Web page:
Yardley, Pennsylvania, an expensive dump and the van seats shake their broken bones. Duty-free liquor and cigarettes, the refineries and the harbor's cranes. The moon digs its way out of the dirt. The branches of an evergreen sway. She's nice the woman you don't love. She kisses you hard and often holding
Feb 22 2018
Organized and hosted by Davy Knittle, "City Planning Poetics" holds events that invite one or more poets and one or more planners, designers, planning historians or others working in the field of city planning to discuss a particular topic central to their work, to ask each other questions, and to read from their current projects.
ERICA KAUFMAN is the author of POST CLASSIC (forthcoming from Roof Books), INSTANT CLASSIC (Roof Books, 2013) and censory impulse (Factory School, 2009). she is also the co-editor of NO GENDER: Reflections on the Life and Work of kari edwards (Venn Diagram, 2009), and of Adrienne Rich: Teaching at CUNY, 1968-1974 (Lost & Found: The CUNY Poetics Document Initiative, 2014). Prose and critical work can be found in: Rain Taxi, The Poetry Project Newsletter, Jacket2, Open Space/SFMOMA Blog, Women's Studies Quarterly, and in The Color of Vowels: New York School Collaborations (ed. Mark Silverberg, Palgrave MacMillan, 2013). Additional critical work is forthcoming in the MLA Guide to Teaching Gertrude Stein (eds. L. Esdale and D. Mix) and Reading Experimental Writing (ed. Georgina Colby). kaufman is the Director of the Institute for Writing & Thinking at Bard College, and teaches in the Master of Arts in Teaching Program and in the undergraduate college.
JEN JACK GIESEKING is an urban cultural geographer, feminist and queer theorist, environmental psychologist, and American Studies scholar. He is engaged in research on co-productions of space and identity in digital and material environments. Jack’s work pays special attention to how such productions support or inhibit social, spatial, and economic justice in regards to gender and sexuality. He is working on his second book project, A Queer New York: Geographies of Lesbians, Dykes, and Queer Women, 1983-2008, which is under contract with NYU Press and expected to be released in print and online open access in 2019. Jack is also conducting research on trans people’s use of Tumblr as a site of cultural production. He is Assistant Professor of Public Humanities in American Studies at Trinity.
3805 Locust Walk19104 Philadelphia, Pennsylvania
Mar 13 2018
Poet and translator Michael Palmer has lived in San Francisco since 1969. He has worked with the Margaret Jenkins Dance Company for over forty years and has collaborated with many composers and visual artists. His most recent collections are Active Boundaries, Madman With Broom. His new book of poems, The Laughter of the Sphinx was published by New Directions in June of 2016. He has taught at various universities in the United States, Europe and Asia, and in May of 2012 received the Arts and Letters Prize in Literature from the American Academy of Arts and Letters. Previously, among other awards, he received the Shelley Memorial Prize from the Poetry Society of America, a Lila Wallace Readers Digest Foundation Grant for the years 1992-94, the Wallace Stevens Award from the Academy of American Poets, two National Endowment for the Arts fellowships, and a Guggenheim Fellowship. From 1999 to 2004 he was a Chancellor of the Academy of American Poets. His work has been translated into over thirty languages, and he himself has translated poems and prose, principally from French, Brazilian Portuguese and Russian.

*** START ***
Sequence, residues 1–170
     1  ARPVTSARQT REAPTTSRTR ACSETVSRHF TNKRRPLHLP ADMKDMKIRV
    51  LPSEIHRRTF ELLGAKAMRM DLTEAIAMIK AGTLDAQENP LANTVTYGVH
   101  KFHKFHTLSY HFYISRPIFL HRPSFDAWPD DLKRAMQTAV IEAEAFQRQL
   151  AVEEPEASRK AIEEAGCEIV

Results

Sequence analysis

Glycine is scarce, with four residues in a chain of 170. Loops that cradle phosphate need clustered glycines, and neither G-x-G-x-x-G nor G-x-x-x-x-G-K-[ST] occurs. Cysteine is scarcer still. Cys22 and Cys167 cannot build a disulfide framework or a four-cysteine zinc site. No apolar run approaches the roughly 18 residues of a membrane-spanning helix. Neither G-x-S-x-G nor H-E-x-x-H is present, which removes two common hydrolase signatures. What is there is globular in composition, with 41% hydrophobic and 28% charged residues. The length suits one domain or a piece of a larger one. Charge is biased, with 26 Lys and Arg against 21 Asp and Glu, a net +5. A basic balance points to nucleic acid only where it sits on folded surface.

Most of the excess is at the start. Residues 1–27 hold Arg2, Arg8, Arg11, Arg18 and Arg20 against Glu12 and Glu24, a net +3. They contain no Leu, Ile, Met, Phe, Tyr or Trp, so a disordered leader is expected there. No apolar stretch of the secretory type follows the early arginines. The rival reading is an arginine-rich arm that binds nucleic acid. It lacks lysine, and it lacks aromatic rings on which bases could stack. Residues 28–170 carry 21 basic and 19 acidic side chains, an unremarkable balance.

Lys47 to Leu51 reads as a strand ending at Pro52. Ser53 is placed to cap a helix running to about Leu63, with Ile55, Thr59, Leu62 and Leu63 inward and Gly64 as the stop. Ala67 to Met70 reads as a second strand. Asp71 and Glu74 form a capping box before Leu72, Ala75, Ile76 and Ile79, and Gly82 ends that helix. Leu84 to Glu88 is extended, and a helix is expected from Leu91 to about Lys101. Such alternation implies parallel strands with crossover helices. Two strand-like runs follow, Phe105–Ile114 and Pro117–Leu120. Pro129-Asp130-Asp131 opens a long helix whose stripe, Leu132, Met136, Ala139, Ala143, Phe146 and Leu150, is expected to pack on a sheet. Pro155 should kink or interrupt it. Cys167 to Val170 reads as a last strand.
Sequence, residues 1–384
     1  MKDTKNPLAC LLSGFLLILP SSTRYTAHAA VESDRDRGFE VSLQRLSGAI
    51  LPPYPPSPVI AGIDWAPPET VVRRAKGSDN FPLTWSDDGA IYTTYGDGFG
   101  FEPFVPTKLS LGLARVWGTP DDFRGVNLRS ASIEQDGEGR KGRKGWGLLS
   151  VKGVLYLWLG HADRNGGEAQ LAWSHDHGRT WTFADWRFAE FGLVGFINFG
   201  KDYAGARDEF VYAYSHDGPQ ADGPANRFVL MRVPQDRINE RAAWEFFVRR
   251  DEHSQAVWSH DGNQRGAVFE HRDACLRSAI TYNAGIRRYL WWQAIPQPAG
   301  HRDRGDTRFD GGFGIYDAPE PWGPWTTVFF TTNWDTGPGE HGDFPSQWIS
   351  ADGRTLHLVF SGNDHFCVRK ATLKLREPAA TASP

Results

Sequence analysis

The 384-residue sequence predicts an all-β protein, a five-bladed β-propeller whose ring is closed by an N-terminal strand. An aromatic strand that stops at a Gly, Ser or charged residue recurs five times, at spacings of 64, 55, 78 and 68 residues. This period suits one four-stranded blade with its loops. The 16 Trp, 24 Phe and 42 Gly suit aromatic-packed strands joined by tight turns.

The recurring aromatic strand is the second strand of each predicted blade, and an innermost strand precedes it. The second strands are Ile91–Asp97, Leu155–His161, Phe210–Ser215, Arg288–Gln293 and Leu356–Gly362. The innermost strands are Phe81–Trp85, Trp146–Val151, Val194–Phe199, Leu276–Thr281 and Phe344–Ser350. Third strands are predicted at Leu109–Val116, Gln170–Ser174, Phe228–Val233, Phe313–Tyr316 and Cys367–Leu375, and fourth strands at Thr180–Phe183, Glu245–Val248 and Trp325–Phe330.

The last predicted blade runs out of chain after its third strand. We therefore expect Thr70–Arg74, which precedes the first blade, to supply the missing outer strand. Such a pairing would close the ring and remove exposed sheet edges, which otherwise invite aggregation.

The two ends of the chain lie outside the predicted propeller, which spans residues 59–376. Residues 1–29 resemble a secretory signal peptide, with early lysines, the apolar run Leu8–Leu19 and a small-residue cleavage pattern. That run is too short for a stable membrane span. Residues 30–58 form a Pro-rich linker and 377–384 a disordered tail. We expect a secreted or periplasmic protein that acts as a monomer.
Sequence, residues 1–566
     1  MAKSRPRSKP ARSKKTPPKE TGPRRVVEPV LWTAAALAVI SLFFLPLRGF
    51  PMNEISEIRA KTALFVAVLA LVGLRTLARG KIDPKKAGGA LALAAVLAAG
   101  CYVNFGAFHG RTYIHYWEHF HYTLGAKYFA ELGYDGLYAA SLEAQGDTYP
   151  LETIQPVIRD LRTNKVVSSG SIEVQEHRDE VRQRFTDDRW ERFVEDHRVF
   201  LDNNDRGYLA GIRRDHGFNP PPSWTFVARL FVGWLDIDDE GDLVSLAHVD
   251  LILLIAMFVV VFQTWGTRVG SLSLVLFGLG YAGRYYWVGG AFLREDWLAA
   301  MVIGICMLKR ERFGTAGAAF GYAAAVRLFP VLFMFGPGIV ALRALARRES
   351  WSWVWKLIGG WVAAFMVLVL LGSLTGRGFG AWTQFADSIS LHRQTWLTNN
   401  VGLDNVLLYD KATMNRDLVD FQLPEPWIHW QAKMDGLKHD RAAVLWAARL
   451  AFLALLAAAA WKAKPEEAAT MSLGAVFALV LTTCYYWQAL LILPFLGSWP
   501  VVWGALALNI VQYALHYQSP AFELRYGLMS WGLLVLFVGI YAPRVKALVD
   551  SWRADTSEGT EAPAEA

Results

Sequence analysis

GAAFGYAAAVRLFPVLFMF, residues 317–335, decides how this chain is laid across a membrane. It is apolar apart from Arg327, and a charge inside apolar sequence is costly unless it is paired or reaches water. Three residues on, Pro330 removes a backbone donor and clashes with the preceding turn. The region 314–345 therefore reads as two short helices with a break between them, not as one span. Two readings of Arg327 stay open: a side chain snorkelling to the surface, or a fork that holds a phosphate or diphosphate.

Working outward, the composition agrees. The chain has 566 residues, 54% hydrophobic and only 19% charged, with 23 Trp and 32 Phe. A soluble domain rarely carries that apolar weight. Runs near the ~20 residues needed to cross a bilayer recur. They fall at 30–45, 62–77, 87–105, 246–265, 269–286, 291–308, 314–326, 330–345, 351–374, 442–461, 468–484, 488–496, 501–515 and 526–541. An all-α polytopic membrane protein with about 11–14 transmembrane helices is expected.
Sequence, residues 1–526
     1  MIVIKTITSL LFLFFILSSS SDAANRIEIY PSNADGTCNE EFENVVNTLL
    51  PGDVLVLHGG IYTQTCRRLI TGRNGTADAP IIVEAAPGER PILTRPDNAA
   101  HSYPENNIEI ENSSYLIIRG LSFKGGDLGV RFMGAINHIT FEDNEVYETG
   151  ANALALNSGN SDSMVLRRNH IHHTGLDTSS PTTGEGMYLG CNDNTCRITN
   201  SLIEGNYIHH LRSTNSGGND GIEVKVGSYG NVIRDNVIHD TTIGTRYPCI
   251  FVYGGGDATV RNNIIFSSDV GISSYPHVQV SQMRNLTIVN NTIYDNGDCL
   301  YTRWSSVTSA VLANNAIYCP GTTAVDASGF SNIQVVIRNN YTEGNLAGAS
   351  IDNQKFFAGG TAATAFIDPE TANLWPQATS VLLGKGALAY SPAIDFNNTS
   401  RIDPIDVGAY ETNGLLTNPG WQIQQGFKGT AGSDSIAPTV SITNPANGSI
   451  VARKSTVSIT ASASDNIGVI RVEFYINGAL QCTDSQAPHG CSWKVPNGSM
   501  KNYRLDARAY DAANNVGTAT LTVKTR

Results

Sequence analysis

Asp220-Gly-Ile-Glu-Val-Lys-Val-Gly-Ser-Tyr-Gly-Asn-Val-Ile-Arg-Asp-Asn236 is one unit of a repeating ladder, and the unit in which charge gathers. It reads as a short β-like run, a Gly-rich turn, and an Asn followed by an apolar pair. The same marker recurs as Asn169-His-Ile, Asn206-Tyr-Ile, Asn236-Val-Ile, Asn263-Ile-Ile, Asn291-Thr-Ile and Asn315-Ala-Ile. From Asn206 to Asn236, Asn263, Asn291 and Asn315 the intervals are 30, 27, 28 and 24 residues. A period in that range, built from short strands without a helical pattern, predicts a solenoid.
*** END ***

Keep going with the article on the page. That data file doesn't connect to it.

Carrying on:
3805 Locust Walk19104 Philadelphia, Pennsylvania
Mar 01 2018
Black Futures presents a reading, lecture, and conversation, by Carl Phillips and Laylah Ali.
“What has restlessness been for?”
In, Wild Is the Wind, Carl Phillips reflects on love as depicted in the jazz standard for which the book is named—love at once restless, reckless, and yet desired for its potential to bring stability. In the process, he pitches estrangement against communion, examines the past as history versus the past as memory, and reflects on the past’s capacity both to teach and to mislead us—also to make us hesitate in the face of love, given the loss and damage that are, often enough, love’s fallout. How “to say no to despair”? How to take perhaps that greatest risk, the risk of believing in what offers no guarantee? These poems that, in their wedding of the philosophical, meditative, and lyric modes, mark a new stage in Phillips’s remarkable work, stand as further proof that “if Carl Phillips had not come onto the scene, we would have needed to invent him. His idiosyncratic style, his innovative method, and his unique voice are essential steps in the evolution of the craft” (Judith Kitchen, The Georgia Review).
326 S. Bellefield Avenue15213 Pittsburgh, Pennsylvania
Heinz Memorial Chapel
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We find out the heart only by dismantling what the heart knows. By redefining the morning, we find a morning that comes just after darkness. We can break through marriage into marriage. By insisting on love we spoil it, get beyond affection and wade mouth-deep into love. We must unlearn the constellations to see